Mandatory Company Liquidation
Having to undergo compulsory liquidation can be arduous and stressful for a company’s shareholders. This is because compulsory liquidation is enforced on a company by the court at the request of the party/parties that the company owes money. Before we get into the details of compulsory liquidation, let’s develop a basic understanding of liquidation itself.
What is Liquidation?
The term “liquidation” is quite self-explanatory; it involves liquefying (converting into cash) a company’s assets so that its debts can be paid off. It’s a rather extreme way of paying off your debts. A company liquidation only takes place when it reaches a point of insolvency where it can no longer pay its liabilities in a normal manner. Simply put, liquidation is an option reserved for when a company’s financial mechanism fails completely.
It goes without saying that a company being liquidated is also dissolved. This means that the company is effectively shut-down.
The liquidation process is started either by the company itself or by its creditors. Compulsory liquidation takes place when disgruntled creditors initiate the process. When a company becomes insolvent and its creditors are no longer willing to wait for it to pay them back, they request the court to step in. In rare cases, a company’s shareholder or director may also request the court to take action.
When the court steps in, the first thing it does is appoint a liquidator who shall monitor the entire liquidation process. The liquidator takes control of the company’s functioning. After this, all of the assets owned by a company are thoroughly examined, this is done to determine the company’s asset value.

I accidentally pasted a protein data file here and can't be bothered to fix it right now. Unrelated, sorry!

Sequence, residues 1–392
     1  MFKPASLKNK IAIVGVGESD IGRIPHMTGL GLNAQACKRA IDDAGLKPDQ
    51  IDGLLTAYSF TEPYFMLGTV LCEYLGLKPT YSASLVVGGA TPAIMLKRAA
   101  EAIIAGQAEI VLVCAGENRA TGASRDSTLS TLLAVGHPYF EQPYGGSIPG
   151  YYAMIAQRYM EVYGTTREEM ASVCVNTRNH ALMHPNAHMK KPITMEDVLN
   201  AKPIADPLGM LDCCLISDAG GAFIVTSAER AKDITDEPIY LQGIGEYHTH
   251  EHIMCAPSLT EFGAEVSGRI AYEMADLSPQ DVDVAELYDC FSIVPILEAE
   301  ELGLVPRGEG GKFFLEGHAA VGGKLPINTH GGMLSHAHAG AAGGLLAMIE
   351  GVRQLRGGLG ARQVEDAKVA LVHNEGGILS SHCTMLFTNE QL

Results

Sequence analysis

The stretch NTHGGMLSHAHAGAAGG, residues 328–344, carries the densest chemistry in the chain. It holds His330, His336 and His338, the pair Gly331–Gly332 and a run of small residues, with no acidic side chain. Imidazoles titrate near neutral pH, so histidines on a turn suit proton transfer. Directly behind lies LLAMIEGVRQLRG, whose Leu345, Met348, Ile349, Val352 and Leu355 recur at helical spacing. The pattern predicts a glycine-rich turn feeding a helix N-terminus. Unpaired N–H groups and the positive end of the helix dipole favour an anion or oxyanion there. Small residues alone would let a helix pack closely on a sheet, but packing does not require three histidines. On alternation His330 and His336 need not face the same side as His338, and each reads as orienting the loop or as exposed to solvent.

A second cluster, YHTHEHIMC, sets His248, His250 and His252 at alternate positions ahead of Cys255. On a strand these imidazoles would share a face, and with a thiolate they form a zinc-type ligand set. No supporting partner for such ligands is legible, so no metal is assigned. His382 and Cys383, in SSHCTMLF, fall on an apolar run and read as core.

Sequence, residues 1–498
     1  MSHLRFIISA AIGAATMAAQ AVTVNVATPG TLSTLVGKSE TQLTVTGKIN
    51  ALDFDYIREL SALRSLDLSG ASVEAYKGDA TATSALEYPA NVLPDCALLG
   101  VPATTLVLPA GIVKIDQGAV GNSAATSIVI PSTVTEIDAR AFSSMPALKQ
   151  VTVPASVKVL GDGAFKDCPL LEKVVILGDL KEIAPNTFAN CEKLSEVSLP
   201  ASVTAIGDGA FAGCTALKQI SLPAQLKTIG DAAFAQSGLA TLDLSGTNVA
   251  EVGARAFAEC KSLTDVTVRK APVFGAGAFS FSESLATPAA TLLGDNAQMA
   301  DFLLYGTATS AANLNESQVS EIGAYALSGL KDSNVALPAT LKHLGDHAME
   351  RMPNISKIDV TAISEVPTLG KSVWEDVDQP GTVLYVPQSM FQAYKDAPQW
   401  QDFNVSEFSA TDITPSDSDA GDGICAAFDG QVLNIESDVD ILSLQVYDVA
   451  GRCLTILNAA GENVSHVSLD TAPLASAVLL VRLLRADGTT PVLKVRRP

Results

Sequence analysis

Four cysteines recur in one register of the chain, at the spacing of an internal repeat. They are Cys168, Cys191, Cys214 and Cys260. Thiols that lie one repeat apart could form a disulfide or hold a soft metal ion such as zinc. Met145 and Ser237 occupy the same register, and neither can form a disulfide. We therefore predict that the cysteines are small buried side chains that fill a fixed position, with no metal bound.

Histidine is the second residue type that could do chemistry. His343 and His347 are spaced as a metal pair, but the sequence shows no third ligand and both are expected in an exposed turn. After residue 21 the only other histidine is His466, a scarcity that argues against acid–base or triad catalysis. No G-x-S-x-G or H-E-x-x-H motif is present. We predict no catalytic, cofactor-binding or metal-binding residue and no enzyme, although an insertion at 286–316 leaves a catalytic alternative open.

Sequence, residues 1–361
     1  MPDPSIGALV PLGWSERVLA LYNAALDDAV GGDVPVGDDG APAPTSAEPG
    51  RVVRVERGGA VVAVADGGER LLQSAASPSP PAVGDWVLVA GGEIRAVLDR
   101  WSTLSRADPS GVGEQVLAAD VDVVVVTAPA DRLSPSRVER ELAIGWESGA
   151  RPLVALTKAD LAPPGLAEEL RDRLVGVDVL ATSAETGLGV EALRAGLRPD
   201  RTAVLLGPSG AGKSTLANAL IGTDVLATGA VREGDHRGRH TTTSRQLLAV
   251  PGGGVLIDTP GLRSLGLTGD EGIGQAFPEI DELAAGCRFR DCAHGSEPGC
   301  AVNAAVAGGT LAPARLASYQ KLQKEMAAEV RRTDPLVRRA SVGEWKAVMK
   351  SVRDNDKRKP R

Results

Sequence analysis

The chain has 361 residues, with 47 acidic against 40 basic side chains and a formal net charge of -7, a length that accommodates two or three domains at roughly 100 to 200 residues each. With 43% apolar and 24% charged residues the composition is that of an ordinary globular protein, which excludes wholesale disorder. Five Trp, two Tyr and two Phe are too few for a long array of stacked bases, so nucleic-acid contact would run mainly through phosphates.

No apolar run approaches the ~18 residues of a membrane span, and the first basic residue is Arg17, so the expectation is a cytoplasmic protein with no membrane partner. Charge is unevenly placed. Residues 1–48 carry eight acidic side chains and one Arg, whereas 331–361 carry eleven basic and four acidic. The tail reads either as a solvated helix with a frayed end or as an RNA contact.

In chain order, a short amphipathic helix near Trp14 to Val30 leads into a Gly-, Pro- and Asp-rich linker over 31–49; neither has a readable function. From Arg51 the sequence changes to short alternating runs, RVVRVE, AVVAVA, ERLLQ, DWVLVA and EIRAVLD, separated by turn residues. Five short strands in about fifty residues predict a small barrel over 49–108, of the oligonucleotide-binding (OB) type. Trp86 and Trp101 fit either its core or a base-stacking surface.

Once the company’s assets have been evaluated, they are then sold off under the liquidator’s management. The money obtained from selling these assets is used to pay off all liabilities of the company. Once all assets have been sold and the company’s liabilities have been taken care of, its name is de-registered and the company is shut-down.
In What Order Are Debts Paid Off During Liquidation?
When a company is liquidated, its liabilities are categorized and given priority based on their categorization:
- First, debts owed to secured creditors are dealt with. Secured creditors can be financial institutions to which the company owes money.
- After secured creditors, unsecured creditors are given priority. Unsecured creditors include employees. When liquidated, company employees get terminated and their end of service benefits are paid if there is still money left after secured creditors have been paid off.
- For public companies, stockholders are last in line for receiving money owed to them by the company.
Mandatory liquidation is a messy ordeal. Since it involves legal action, the company in question and its creditors prefer to keep this as a last resort. If a company can reach an agreement with its creditors and satisfy them, mandatory liquidation can be delayed.